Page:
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Old 2010-08-14, 19:33   Link #21
Kaijo
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To start off, I should be clear about what I consider net neutrality. Essentially, it should be the same as your telephone calls. No one call gets priority over another, despite what's being sent.

Part of the problem is that telephone companies are known as common carriers; they aren't responsible for what goes over their lines, just ensuring equal parity to everything. Currently, ISP's aren't listed as such, and that's what needs to change: ISP's should be made common carriers, and be prevented from becoming media companies as well.

However, the other change is that the US needs to declare that all those internet lines are public, and the ISP's can each lease them. The public paid for them, and gave $200 billion to telecoms to develop them, although they never did. It's time we took our property back, and made ISP's what they should have been: common carriers.

Just like telephone companies.

If net neutrality is blocked, or bartered away, then you can expect to see multiple companies charging you multiple fees for accessing content. Pay extra to access google. Pay extra to read your favored news site. Pay extra to come to AS.
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Old 2010-08-14, 21:29   Link #22
Master_Yoma
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I dont like it all its going to be is pay more cash one dont have so large companies can bet and crash privet sites by giving faster speeds for a small fee
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Old 2010-08-14, 23:38   Link #23
synaesthetic
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Kaijo wins this thread for pointing out the 800-pound gorilla in the room.

The US government gave over $200 billion to the major telcos in this country to further develop broadband infrastructure.

They took the money.

They did not expand the infrastructure.

We want our money back.
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Old 2010-08-14, 23:50   Link #24
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Quote:
Originally Posted by synaesthetic View Post
Kaijo wins this thread for pointing out the 800-pound gorilla in the room.

The US government gave over $200 billion to the major telcos in this country to further develop broadband infrastructure.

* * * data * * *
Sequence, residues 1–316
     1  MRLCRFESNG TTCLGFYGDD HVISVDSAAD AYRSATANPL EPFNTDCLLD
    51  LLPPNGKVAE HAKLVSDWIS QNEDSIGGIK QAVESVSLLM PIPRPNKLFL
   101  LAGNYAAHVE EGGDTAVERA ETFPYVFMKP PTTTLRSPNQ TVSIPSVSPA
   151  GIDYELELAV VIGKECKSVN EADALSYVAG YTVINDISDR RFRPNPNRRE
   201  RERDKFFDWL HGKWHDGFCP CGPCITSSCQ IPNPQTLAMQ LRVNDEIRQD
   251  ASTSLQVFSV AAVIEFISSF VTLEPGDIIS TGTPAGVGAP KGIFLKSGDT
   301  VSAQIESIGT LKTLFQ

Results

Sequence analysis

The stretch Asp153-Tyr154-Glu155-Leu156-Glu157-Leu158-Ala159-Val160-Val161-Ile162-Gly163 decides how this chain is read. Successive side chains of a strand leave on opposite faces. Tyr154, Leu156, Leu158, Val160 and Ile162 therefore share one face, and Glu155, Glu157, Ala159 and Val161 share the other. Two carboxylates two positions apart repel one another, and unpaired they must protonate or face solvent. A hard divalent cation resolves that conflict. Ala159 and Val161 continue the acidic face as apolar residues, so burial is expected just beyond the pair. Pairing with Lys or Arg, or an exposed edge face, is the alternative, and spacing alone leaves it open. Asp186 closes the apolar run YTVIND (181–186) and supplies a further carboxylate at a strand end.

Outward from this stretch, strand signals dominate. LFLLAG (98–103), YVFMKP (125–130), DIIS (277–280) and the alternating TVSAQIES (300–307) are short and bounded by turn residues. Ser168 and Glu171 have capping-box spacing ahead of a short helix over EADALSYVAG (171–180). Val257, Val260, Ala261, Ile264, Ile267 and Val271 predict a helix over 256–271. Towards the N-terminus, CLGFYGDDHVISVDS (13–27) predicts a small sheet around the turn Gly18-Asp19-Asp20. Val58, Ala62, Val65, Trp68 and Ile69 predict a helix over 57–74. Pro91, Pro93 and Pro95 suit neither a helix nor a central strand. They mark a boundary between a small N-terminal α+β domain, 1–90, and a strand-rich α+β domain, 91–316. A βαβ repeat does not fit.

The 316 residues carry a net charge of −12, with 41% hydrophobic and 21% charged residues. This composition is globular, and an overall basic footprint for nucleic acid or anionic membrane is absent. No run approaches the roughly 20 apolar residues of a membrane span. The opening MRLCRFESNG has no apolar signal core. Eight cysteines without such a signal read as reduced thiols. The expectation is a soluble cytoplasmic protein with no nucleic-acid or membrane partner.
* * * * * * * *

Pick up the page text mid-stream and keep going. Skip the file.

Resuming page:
They took the money.

They did not expand the infrastructure.

We want our money back.
U.S got seriously ripped off and of course so many people in the U.S are pissed off due to this situation, but wasnt the money used for another situation? Or was I thinking it wrongly?
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Old 2010-08-14, 23:58   Link #25
synaesthetic
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It was used for a multitude of things, but it was not used for what it was intended. Which is about par for the course for taxpayer money, sad to say. The US broadband infrastructure is ridiculously behind other countries' (especially certain Asian countries) and this money was supposed to be used to improve it and also bring broadband capability to areas that don't have service (rural areas, for instance).
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Old 2010-08-15, 00:04   Link #26
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Quote:
Originally Posted by synaesthetic View Post
It was used for a multitude of things, but it was not used for what it was intended. Which is about par for the course for taxpayer money, sad to say. The US broadband infrastructure is ridiculously behind other countries' (especially certain Asian countries) and this money was supposed to be used to improve it and also bring broadband capability to areas that don't have service (rural areas, for instance).
A pity that we are now behind other countries in terms of infrastructure. I guess people that lived long enough to remember when the U.S had the best/rather close to great infrastructure are certainly going to be rather angry.

But I wonder why exactly did they switch to multiple things. The government should probably have a clear view that our infrastructure should be lacking, yet they take the money that the public gave them for that intention and just switch all of a sudden.
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Old 2010-08-15, 00:38   Link #27
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The funds were misused. Oh, sure, they made a token effort to expand services, but it wasn't $200 billion's worth.
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Old 2010-08-15, 00:42   Link #28
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Quote:
Originally Posted by synaesthetic View Post
The funds were misused. Oh, sure, they made a token effort to expand services, but it wasn't $200 billion's worth.